- Dutt, Romesh Chunder (2000). A History of Civilisation in Ancient India: Vol II, Routledge, p. 46, ISBN 0415231884.
- "suspension bridge" in Encyclopædia Britannica (2008). 2008 Encyclopædia Britannica, Inc.
- Nath, R. (1982). History of Mughal Architecture, Abhinav Publications, p. 213, ISBN 8170171598.
- "Iron Bridge". Engineering Timelines. Engineering Timelines. Archived from the original on March 4, 2016. Retrieved November 18, 2016.
- "Historic Wooden Bridges/"Covered Bridges"". HSNB.DE. July 11, 2011. Retrieved October 15, 2018.
- "Hidden Masterpieces: Covered Bridges in PA". Pennsylvania Book Center. Spring 2010. Retrieved October 15, 2018.
- "Throwback Thursday: Covered bridges". Canadian Geographic. May 28, 2015. Retrieved October 15, 2018.
- "Visit America's Most Idyllic Covered Bridges". Architectural Digest. December 2016. Retrieved October 15, 2018.
- Sapp, Mark E. (February 22, 2008). "Welding Timeline 1900–1950". WeldingHistory.org. Archived from the original on August 3, 2008. Retrieved April 29, 2008.
- "Beam bridges". Design Technology. Archived from the original on May 18, 2008. Retrieved May 14, 2008.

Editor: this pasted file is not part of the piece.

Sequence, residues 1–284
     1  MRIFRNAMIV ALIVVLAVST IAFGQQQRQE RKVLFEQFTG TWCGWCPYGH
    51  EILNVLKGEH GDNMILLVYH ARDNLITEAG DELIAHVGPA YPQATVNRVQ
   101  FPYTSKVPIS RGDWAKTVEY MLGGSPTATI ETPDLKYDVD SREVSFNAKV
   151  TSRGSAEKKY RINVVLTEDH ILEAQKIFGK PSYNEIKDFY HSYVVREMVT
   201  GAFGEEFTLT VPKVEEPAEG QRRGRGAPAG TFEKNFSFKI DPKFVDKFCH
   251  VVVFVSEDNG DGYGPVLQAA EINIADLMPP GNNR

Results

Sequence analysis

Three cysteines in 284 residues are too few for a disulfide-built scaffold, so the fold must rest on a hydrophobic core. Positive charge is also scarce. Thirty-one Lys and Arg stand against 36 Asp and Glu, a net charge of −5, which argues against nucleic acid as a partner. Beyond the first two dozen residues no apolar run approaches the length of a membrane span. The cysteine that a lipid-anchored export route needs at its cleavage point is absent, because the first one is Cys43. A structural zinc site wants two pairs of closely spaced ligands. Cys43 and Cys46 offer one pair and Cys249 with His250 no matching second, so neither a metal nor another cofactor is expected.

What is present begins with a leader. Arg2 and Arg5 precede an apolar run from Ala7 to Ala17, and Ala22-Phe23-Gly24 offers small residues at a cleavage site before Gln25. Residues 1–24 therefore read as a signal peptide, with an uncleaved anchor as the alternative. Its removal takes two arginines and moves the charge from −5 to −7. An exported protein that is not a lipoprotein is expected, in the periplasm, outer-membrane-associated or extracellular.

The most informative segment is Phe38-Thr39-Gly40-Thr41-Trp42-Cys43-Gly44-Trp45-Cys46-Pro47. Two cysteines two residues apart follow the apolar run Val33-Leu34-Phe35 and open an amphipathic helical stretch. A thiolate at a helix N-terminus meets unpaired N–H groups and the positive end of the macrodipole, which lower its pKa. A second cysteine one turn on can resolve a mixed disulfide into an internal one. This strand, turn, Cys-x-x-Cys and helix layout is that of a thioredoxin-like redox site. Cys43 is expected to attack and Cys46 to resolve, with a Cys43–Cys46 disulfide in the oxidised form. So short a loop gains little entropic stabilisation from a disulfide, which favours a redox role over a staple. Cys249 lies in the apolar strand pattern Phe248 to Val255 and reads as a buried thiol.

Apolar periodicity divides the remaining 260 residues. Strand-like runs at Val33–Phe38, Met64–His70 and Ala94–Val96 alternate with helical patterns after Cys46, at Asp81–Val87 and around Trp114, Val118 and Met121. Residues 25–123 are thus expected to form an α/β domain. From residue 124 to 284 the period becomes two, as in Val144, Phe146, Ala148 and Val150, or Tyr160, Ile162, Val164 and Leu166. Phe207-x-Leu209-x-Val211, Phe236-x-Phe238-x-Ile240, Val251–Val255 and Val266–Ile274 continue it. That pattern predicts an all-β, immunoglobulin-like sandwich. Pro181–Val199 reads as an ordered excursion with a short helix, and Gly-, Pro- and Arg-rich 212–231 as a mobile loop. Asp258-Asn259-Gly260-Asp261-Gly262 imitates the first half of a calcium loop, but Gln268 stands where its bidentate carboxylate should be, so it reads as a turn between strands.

- Structural Beam Deflection Stress Bending Equations / Calculation Supported on Both Ends Uniform Loading Archived January 22, 2013, at Archive.today. Engineers Edge. Retrieved on April 23, 2013.
- "A big prefabricated bridge". Life. 40 (22): 53–60. May 28, 1956.
- "ASCE | Civil What? | Bridges". www.asceville.org. Archived from the original on February 3, 2017. Retrieved February 2, 2017.
- Naito, Clay; Sause, Richard; Hodgson, Ian; Pessiki, Stephen; Macioce, Thomas (2010). "Forensic Examination of a Noncomposite Adjacent Precast Prestressed Concrete Box Beam Bridge". Journal of Bridge Engineering. 15 (4): 408–418. doi:10.1061/(ASCE)BE.1943-5592.0000110.
- Gorazd Humar (September 2001). "World Famous Arch Bridges in Slovenia". In Charles Abdunur. Arch'01: troisième Conférence internationale sur les ponts en arc Paris: (in English and French). Paris: Presses des Ponts. pp. 121–124. ISBN 2859783474. Archived from the original on July 30, 2016.
- "Longest bridge, steel arch bridge". Guinness World Records. Archived from the original on October 19, 2013. Retrieved February 18, 2013.
- A.O.P. Guide to Burton-on-Trent, 1911, p. 13
- Sigmund, Pete (February 7, 2007). "The Mighty Mac: A Sublime Engineering Feat". Construction Equipment Guide. Archived from the original on April 5, 2013. Retrieved May 14, 2008.
- Johnson, Andy. "Cable Stay vs Suspension Bridges". U.S. Department of Energy. Archived from the original on May 18, 2008.
- Walther, René (1999). Cable Stayed Bridges. p. 7. ISBN 978-0727727732. Archived from the original on November 15, 2016.
- Poser, Marcel. "Cable Stayed Structures and Stay Cable Technology" (PDF). Archived from the original (PDF) on February 9, 2013.